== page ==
OPK’s vs. BBT Charting

When am I Ovulating? A Discussion on OPK’s vs BBT Charting

Many women become confused when their OPK’s (Ovulation Predictor Kits) and BBT’s (Basal Body Temperatures) don’t agree on the day of ovulation- understandably so. This is one of the more confusing topics I’ve researched! We’ll file this under “advanced topics”. Here’s why.

Background: What are OPK’s and BBT’s anyway?

OPK: Ovulation Predictor Kits are tests that you can get at most any drugstore which have the purpose of predicting ovulation. The idea is that they detect a hormone called LH, or Leuteinizing Hormone in the urine. Once they read positive, usually it’s safe to say that you’ll ovulate within 12-36 hours.

BBT: Basal Body Temperature. I’ll just give a very brief summary of this one- basically by taking your temperature every morning, the second you wake up, you can tell whether or not you have ovulated. Before ovulation, the temperatures are generally 97.0-97.6F, and after ovulation the temperatures rise about 0.5 degrees, but should be somewhere around 98 degrees F. Why does the temperature rise? Because once the egg is released, the remaining sac (called the corpus luteum) releases progesterone for about 10-16 days. This is what causes your temperature to increase and is the reason why if you don’t get pregnant, most will get their period 10-16 days after ovulation. Keep in mind, the temperatures I’ve given are general ranges and may be very different from person to person. The important thing to realize here is that BBT charts are retrospective, meaning they don’t help in predicting ovulation, only in confirming (by 3 consecutive elevated temperatures) that ovulation has in fact occurred. For complete information and instructions on using this method, I recommend reading “Taking Charge of Your Fertility” by Toni Weschler.

Here are a few of the questions I’ve gotten from women who were confused about these two methods:

“My OPK was positive two days after my BBT spiked! What’s going on?!”

Hormonal levels are in a continuum- high or low, but almost always changing very gradually. The LH hormone (ovulation predictor) peaks 24-36 hours before ovulation, but keep in mind that it doesn’t immediately decrease- it can peak for several days. For some women, LH levels are still relatively high even after ovulation. And, depending on the brand of OPK you used, it might be able to detect relatively low levels of LH. The important thing for women trying to get pregnant to remember is that the first time you get a positive OPK, 12-36 hours later is normally when you will ovulate (see below for exceptions… of course there are exceptions!)

“My OPK was positive, but my temperature didn’t spike until 10 days later.”

This is because before the egg is actually released, you may have “mini-surges” of LH hormone which are picked up by an OPK as positive. The amount of LH in your body relative to the amount that is detectable by an OPK varies from woman to woman, and from one OPK manufacturer to the next. Always keep in mind, an OPK can predict ovulation, but doesn’t confirm that it definitely happened. Only your temperatures (or an ultrasound, or a pregnancy) can do that.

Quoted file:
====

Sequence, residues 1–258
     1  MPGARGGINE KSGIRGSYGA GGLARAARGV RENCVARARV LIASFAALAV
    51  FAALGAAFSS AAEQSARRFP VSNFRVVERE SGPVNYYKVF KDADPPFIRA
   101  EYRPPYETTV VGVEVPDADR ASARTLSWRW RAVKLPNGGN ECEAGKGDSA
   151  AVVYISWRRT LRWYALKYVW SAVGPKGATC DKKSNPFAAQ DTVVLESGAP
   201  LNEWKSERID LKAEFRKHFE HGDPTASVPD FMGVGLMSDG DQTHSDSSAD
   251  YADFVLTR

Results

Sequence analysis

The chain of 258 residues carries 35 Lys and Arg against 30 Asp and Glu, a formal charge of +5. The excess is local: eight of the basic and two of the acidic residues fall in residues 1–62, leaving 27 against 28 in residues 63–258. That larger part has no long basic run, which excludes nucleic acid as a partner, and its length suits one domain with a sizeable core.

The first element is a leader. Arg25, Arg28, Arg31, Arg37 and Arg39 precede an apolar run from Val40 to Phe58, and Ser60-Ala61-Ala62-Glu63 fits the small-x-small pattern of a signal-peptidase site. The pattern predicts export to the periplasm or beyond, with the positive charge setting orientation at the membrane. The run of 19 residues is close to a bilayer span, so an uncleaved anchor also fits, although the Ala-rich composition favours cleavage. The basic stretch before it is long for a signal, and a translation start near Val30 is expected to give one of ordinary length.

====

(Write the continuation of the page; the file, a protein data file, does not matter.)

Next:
“My temperatures have spiked but I never had a positive OPK. Did I ovulate?”

Yes, most likely you did! This brings up the importance of using your OPK more than once per day. The majority of the time, LH is just beginning to rise in the early morning hours, so this is why testing first thing in the morning almost always gives a negative reading. If you think ovulation should be happening soon, keep testing, 3 times per day to make sure you don’t miss the LH surge. It is possible for it to last less than 24 hours, so for some it’s easy to miss! The other, more rare possibility in this scenario is that your body doesn’t make LH levels high enough for the type of OPK you are using to detect. So, while your body is still ovulating and still responding to the low LH levels, the OPK simply can’t detect it.

“Which method is better?”

Good question! My answer- I encourage everyone to try charting their BBT for a few months just to get the hang of it and gain a greater understanding of the patterns of your individual cycle. If your cycles are quite regular, then you really don’t need to buy the sometimes costly OPK’s every month- between knowing when you normally ovulate and other signs and symptoms such as cervical fluid monitoring, you should have a pretty good general idea of when the best time is to try to conceive. I recommend every other day beginning about 10 days before usual ovulation, continuing through until after ovulation is confirmed by 3 consecutive high temperatures.

However, if your cycles are fairly irregular and you are having a difficult time discerning other indicators of fertility (such as differences in cervical fluid and position), OPK’s can be very useful in helping you predict ovulation and correctly time intercourse.

This is just a quick introduction to give you an idea of why each method is used, and that there are some at-time confusing limitations to both methods and many exceptions not discussed here. While it can be reassuring to understand exactly what happened with every OPK test or temperature that you take, try not to get too wrapped up in the details. If there’s any question, try to conceive every other day throughout your cycle.

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